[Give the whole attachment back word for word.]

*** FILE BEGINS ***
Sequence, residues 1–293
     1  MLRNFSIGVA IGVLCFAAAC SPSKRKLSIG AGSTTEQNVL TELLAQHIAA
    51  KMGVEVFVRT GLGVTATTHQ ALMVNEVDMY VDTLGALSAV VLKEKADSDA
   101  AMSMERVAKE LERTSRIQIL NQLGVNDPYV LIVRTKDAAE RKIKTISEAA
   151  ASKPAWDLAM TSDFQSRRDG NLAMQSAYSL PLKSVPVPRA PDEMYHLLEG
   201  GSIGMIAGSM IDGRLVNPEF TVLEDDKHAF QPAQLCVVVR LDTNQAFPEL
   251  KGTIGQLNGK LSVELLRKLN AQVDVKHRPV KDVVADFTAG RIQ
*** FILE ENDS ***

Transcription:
Sequence, residues 1–293
     1  MLRNFSIGVA IGVLCFAAAC SPSKRKLSIG AGSTTEQNVL TELLAQHIAA
    51  KMGVEVFVRT GLGVTATTHQ ALMVNEVDMY VDTLGALSAV VLKEKADSDA
   101  AMSMERVAKE LERTSRIQIL NQLGVNDPYV LIVRTKDAAE RKIKTISEAA
   151  ASKPAWDLAM TSDFQSRRDG NLAMQSAYSL PLKSVPVPRA PDEMYHLLEG
   201  GSIGMIAGSM IDGRLVNPEF TVLEDDKHAF QPAQLCVVVR LDTNQAFPEL
   251  KGTIGQLNGK LSVELLRKLN AQVDVKHRPV KDVVADFTAG RIQ